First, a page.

CANBERRA, Australia — The death of an Australian girl in a Baghdad bombing underscored why Australia was fighting Islamic State militants in the Middle East, the Australian foreign minister said on Wednesday.
Zynab Al-Harbiya, 12, from Melbourne, went with her family to Baghdad to visit her sick grandfather but was among the 17 people killed Monday when a car bomb exploded outside a popular ice cream shop, Foreign Minister Julie Bishop said.
The Islamic State militant group claimed responsibility for the attack, which Iraqi officials said involved apparently remotely detonated explosives inside a parked car.
“This tragedy underscores the brutality of this terrorist organization. It shows no respect for religion, nationality, sovereignty, borders, no respect for humanity,” Bishop told reporters.
“This is why the Australian government has continued to commit our defense personnel to support the Iraqi security forces, so that they can fight to defeat this terrorist organization within Iraq and to prevent its spread to other parts of the world including in our region,” she added.
The girl’s cousin, Layla Al-Saabary, told Australian Broadcasting Corp. that Zynab’s mother and uncles were among the dozens injured. Al-Saabary did not say how many uncles.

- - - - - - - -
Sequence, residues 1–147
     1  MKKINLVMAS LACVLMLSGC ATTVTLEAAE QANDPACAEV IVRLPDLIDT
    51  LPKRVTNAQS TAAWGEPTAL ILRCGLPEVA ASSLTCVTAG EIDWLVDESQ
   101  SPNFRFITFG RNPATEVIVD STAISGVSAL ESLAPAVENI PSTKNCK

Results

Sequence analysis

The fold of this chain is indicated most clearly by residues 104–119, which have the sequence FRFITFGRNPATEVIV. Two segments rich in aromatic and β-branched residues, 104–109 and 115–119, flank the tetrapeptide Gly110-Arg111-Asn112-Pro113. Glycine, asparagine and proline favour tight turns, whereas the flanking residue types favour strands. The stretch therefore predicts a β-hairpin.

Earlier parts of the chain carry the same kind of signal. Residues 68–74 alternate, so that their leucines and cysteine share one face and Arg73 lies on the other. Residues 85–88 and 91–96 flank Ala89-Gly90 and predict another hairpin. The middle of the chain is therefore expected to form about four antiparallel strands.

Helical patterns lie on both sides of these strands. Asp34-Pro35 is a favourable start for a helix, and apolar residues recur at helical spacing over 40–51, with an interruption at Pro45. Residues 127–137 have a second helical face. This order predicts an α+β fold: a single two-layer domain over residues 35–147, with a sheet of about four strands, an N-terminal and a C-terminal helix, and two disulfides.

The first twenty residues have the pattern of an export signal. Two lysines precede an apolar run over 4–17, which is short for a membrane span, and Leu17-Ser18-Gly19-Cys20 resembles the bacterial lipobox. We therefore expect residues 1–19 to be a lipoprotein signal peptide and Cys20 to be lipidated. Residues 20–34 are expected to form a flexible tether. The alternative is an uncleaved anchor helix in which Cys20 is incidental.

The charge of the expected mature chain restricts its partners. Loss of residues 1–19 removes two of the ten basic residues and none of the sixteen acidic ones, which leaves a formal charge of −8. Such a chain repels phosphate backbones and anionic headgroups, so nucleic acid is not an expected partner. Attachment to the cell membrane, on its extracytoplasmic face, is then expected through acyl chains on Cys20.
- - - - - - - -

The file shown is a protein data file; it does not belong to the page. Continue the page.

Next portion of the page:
“She wanted to go and buy ice cream, so she insisted. Her mother gave permission and so they went to the main square and she was going to go buy ice cream and she went and she never came back,” Al-Saabary said.
The family had only been in Baghdad for a few days when the tragedy occurred and Zynab had been “scared of the bombs,” her cousin said.
Australia is one of the biggest contributors to the U.S.-led military campaign against Islamic State militants in Iraq and Syria, with 780 Australian military personnel in the Middle East and aircraft including six jet fighters striking Islamic State targets.
Ramadan is often marked by an increase in violence in Iraq.
Last year, a huge truck bombing claimed by IS killed hundreds in a retail district in central Baghdad where people were shopping for clothes ahead of the holiday that marks the end of Ramadan. It was the single deadliest event in Baghdad since Iraqi leader Saddam Hussein was toppled in 2003.
Story: Rod McGuirk